Asylum-seekers face expulsion after decision

 

Hundreds of asylum-seekers face deportation following a Supreme Court decision yesterday. In a ruling with implications for many other applicants, the court held that a letter sent to three applicants by the Minister for Justice contained "adequate reasons" refusing them permission to stay in the State.

The appeal against High Court findings concerned three asylum-seekers who raised issues common to hundreds in similar cases.

The three had sought refugee status and were refused. Their appeals against those refusals were rejected. They then applied for leave to remain in the State on humanitarian grounds. These reasons were also rejected and the Minister notified them he intended to make deportation orders.

The asylum-seekers sought leave to review judicially the Minister's decisions but this was refused by Mr Justice Smyth in the High Court. The matter was then appealed to the Supreme Court.

The appellants challenged what they described as a "formula letter" from the Minister which they alleged contained no proper, intelligible or adequate reasons for their deportation.

In all three cases, the letter stated: "The reasons for the Minister's decision are that you are a person whose refugee status has been refused . . . the Minister is satisfied that the interests of public policy and the common good in maintaining the integrity of the asylum and immigration systems outweigh such features of your case as might tend to support your being granted leave to remain in the State."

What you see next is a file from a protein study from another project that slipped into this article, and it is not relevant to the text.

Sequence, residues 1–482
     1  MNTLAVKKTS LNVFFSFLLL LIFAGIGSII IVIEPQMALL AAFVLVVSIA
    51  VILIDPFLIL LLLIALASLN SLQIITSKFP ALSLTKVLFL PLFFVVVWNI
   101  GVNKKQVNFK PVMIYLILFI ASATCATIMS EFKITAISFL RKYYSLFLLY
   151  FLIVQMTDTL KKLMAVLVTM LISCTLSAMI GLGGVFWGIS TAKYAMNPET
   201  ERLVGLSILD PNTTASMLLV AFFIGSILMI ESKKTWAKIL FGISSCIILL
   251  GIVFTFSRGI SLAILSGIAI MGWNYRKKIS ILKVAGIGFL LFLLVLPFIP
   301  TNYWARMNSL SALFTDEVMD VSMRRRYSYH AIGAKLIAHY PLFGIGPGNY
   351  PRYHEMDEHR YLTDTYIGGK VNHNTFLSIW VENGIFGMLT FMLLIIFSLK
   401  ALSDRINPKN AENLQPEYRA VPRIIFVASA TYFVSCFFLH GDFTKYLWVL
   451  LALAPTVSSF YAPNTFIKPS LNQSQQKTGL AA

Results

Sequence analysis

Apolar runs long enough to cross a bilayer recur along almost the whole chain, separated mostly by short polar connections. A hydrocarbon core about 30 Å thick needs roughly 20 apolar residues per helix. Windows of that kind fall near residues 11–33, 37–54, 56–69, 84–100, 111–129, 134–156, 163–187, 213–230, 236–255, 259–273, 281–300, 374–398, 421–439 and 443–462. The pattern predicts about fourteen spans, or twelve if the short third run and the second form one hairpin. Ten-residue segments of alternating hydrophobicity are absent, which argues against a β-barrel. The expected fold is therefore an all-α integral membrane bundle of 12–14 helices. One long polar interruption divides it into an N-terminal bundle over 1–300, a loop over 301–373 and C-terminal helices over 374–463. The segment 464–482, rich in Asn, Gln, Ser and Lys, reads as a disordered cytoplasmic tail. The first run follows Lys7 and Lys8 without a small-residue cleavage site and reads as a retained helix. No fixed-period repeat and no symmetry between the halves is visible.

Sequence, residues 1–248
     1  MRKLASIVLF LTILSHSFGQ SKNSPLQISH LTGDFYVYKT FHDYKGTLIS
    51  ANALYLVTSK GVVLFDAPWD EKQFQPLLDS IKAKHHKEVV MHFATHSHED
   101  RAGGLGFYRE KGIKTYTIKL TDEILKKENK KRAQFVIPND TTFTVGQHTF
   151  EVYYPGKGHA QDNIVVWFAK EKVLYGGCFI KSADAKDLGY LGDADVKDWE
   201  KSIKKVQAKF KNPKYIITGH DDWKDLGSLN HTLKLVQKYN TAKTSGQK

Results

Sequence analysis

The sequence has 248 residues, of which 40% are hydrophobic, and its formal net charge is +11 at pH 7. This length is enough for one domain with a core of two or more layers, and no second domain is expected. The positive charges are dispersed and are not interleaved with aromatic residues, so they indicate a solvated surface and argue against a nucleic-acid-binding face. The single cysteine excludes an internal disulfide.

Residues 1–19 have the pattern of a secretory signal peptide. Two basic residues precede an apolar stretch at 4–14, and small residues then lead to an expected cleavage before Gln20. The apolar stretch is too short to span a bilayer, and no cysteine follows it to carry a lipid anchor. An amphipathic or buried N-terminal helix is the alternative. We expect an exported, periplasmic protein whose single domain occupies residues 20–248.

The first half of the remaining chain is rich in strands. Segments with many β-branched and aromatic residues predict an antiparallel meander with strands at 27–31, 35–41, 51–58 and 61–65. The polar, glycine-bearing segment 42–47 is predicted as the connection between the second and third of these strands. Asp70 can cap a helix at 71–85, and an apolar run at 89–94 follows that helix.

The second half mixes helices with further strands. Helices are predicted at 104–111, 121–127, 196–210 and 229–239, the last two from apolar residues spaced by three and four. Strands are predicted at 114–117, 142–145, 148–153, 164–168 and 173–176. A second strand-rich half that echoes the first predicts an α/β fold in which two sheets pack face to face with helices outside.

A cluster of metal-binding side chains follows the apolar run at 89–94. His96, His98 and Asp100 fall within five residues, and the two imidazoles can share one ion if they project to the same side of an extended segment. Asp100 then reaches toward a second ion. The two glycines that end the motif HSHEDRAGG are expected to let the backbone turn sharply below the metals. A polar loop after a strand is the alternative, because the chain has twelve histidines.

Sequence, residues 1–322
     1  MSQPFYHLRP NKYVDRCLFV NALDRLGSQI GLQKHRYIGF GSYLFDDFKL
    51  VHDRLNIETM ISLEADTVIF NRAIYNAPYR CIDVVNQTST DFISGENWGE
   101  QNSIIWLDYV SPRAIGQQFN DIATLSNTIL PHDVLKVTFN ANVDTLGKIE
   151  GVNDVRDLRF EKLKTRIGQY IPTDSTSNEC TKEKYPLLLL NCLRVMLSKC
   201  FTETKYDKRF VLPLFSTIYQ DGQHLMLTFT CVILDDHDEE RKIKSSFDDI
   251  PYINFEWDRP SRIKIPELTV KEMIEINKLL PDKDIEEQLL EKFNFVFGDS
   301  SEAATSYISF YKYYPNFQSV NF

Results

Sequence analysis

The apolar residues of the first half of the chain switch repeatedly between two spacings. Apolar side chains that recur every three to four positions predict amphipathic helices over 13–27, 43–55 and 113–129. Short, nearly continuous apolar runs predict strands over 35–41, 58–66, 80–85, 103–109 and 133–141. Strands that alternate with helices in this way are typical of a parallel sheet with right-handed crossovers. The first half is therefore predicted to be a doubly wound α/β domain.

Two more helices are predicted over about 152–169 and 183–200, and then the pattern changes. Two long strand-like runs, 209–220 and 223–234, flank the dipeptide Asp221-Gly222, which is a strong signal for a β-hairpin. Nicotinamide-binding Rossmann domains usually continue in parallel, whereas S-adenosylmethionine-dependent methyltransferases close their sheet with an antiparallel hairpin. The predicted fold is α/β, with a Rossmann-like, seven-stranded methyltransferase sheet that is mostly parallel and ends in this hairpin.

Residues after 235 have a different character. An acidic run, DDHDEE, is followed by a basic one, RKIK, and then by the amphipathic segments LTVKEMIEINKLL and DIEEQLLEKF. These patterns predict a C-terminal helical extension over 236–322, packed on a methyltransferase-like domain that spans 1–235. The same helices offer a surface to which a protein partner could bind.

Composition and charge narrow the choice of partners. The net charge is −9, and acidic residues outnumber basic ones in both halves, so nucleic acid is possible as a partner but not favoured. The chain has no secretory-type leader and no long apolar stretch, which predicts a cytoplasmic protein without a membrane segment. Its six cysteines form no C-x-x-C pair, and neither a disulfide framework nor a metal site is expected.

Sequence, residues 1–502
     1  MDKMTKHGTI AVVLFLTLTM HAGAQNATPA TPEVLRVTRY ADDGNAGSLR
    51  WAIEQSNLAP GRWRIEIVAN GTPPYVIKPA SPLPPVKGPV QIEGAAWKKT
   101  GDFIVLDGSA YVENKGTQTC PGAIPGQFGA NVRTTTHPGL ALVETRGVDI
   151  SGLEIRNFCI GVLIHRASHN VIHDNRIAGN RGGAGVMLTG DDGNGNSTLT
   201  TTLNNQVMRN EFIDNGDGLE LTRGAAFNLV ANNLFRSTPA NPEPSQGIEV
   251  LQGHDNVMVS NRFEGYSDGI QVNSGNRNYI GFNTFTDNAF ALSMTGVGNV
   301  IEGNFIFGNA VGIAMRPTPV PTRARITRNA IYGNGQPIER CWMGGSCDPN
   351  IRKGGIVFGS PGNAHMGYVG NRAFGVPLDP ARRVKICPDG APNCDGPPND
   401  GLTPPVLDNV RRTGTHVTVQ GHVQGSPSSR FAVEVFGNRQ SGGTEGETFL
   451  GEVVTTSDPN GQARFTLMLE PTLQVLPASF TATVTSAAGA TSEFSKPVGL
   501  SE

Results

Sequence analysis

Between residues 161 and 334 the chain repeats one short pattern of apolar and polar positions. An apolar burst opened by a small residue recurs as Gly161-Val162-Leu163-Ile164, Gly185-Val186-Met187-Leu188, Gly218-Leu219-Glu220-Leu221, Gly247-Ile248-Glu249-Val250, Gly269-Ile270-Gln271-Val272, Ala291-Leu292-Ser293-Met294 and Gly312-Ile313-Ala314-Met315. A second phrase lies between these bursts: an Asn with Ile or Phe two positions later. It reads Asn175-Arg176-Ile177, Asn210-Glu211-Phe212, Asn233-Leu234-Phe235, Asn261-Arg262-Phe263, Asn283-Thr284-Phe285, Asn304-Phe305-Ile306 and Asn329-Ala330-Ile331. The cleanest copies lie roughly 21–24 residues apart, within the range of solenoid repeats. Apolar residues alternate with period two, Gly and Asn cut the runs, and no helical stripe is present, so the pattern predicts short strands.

Mr Justice Hardiman, giving the judgment of the Supreme Court, said the invocation of the "common good" in Section 3(6) of the Immigration Act 1999 did not require or imply any opinion derogatory of the individual whose case was being considered. It simply entitled the Minister to have regard to the State's policy in relation to the control of aliens who were not, on the facts of their individual cases, entitled to asylum.

He said the three asylum-seekers, at the time they appealed to the Minister, were persons without title to remain in the State. The legislative scheme was that such persons might be deported.

He rejected submissions by the appellants that the Minister's decision took into account extraneous and unintelligible matter. Adequate reasons for deporting an asylum-seeker had been given in the Minister's letter, he said.

The asylum-seekers relied strongly on the requirements in Section 3 of the 1999 Act for the Minister to notify them individually not merely of the proposal to deport them but of "the reasons" for it. They claimed that being a person whose application has been refused was only one reason and that the use of the plural form "reasons" required there be another additional reason at a minimum.

According to this argument, said Mr Justice Hardiman, it would be impossible to deport a person whose application for asylum had been refused as manifestly unfounded so long as they could avoid giving the Minister any other reason to deport them. The judge said the applicants had not sought to challenge in any way the decisions of the competent authorities who refused their applications for asylum. They had then asked to remain in this State on humanitarian grounds.

These were persons whose applications for asylum had been rejected at first instance and on appeal. They lacked any entitlement to remain in the country save a right to await a decision on a request not to be deported.

The text of the Supreme Court ruling on the level of explanation Department of Justice deportation letters must provide is available on The Irish Times website, www.ireland.com